February Fun Facts
Well, technically it’s Leap Year or rather 2012 is a Leap Year. Yay for Leap Day babies! You finally have an actual birthday. I would seriously hate only having a birthday every four years. That just seems mean.
Anyway, for those of you interested in the history of why we have Leap Years, look no further. For those of you who don’t give a shit, turn around and go back to the main page there’s nothing here for you.
For 29 half-baked ideas in honor of Leap Day go here.
History of Leap Year
The Romans originally had a 355-day calendar. So, to keep up with the seasons, an extra 22 or 23-day month was inserted every second year. For reasons unknown, the extra month was only observed now and then. By Julius Caesar’s time, the seasons no longer occurred at the same calendar periods as history had shown.
To correct this, Caesar eliminated the extra month and added one or two extra days to the end of various months, his month included, which was Quintilis, later renamed Julius we know it as July. This extended the calendar to 365 days. Also intended was an extra calendar day every fourth year following the 28th day of Februarius.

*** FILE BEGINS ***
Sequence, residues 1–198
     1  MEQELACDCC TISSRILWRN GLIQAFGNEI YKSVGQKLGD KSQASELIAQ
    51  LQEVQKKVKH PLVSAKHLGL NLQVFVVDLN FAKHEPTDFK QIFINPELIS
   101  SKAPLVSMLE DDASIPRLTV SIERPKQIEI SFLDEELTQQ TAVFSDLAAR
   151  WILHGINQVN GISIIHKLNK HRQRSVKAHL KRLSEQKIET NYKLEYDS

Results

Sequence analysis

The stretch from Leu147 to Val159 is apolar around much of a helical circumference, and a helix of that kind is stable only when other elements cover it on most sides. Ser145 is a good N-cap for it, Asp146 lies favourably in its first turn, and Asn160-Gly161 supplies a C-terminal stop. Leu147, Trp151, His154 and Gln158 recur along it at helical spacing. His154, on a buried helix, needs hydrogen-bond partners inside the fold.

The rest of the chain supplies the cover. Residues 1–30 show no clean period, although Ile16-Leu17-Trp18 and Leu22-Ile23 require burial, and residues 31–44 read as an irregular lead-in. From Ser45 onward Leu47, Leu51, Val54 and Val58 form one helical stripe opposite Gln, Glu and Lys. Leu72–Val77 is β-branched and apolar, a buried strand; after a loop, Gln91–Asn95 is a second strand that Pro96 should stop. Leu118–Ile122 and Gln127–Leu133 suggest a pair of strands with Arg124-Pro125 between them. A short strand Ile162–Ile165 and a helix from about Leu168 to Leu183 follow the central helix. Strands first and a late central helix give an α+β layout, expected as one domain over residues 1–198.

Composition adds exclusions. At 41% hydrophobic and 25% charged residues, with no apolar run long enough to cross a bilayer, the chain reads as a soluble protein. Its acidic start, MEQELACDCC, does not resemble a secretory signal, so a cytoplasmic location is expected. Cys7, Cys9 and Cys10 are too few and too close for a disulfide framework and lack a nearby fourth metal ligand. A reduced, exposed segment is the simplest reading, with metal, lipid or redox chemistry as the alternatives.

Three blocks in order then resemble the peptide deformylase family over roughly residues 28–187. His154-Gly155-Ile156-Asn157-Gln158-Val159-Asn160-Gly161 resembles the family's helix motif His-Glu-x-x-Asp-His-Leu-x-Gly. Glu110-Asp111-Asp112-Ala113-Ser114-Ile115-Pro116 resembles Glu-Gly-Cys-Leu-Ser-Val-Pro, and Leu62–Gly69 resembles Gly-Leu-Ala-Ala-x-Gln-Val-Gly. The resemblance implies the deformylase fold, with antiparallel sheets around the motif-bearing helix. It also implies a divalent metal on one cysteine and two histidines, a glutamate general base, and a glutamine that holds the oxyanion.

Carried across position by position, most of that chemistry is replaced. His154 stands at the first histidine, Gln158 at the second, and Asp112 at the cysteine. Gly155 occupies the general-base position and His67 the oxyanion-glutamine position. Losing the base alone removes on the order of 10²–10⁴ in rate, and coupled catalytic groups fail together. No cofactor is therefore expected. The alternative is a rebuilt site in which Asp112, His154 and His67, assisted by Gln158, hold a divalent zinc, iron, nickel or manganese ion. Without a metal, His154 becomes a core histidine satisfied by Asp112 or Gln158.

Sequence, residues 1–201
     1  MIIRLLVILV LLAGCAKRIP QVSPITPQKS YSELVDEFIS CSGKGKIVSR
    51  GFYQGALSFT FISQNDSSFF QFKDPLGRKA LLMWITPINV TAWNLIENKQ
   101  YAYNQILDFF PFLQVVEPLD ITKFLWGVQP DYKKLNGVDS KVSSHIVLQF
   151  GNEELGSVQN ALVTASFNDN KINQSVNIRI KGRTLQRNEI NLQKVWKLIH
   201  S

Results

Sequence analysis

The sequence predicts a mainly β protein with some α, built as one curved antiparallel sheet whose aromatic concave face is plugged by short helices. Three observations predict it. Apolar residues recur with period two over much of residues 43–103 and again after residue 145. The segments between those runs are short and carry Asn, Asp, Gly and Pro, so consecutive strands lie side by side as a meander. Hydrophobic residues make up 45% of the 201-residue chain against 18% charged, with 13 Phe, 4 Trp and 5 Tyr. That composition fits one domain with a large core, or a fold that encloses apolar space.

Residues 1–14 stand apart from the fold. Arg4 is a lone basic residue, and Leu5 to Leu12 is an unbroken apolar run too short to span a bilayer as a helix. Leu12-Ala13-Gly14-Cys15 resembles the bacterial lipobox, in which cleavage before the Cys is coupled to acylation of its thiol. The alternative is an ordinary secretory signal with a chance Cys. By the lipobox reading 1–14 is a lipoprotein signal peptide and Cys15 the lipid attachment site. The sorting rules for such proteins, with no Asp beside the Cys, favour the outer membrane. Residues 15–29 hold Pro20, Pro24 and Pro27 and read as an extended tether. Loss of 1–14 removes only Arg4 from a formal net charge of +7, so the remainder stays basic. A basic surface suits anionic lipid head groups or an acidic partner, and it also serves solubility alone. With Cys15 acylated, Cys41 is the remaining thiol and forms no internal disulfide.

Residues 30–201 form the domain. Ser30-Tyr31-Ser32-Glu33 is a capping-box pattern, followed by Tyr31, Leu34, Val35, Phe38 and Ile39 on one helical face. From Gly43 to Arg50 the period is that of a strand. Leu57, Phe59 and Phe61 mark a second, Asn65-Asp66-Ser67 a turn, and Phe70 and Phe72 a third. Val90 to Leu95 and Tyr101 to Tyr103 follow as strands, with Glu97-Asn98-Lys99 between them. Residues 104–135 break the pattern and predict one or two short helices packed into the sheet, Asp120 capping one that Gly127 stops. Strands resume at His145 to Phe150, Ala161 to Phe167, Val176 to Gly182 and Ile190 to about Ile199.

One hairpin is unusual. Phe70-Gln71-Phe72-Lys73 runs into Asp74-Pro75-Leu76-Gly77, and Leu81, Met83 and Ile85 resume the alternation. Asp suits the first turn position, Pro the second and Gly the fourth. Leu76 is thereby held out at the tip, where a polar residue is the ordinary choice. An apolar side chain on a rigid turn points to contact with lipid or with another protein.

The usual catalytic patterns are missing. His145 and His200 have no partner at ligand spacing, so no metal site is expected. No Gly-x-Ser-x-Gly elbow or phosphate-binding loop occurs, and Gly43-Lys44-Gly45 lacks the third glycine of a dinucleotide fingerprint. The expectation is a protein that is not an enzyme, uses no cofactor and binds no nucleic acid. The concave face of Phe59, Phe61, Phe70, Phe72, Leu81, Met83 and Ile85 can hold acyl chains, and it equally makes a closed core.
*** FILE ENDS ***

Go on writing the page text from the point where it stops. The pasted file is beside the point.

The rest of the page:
However, after Caesar’s death in 44 B.C., the calendars were written with an extra day every three years instead of every 4 until corrected in 8 A.D. So again, the calendar drifted away from the seasons. By 1582, Pope Gregory XIII recognized that Easter would eventually become closer and closer to Christmas.
The calendar was reformed so that a leap day would occur in any year that is divisible by four but not divisible by 100 except when the year is divisible by 400.
Thus 1600 and 2000, although century marks, have a Leap Day. The calendar we use today, known as the Gregorian calendar, makes our year 365.2425 days only off from our solar year by .00031, which amounts to only one day’s error after 4,000 years.
For more information on Leap Day go here.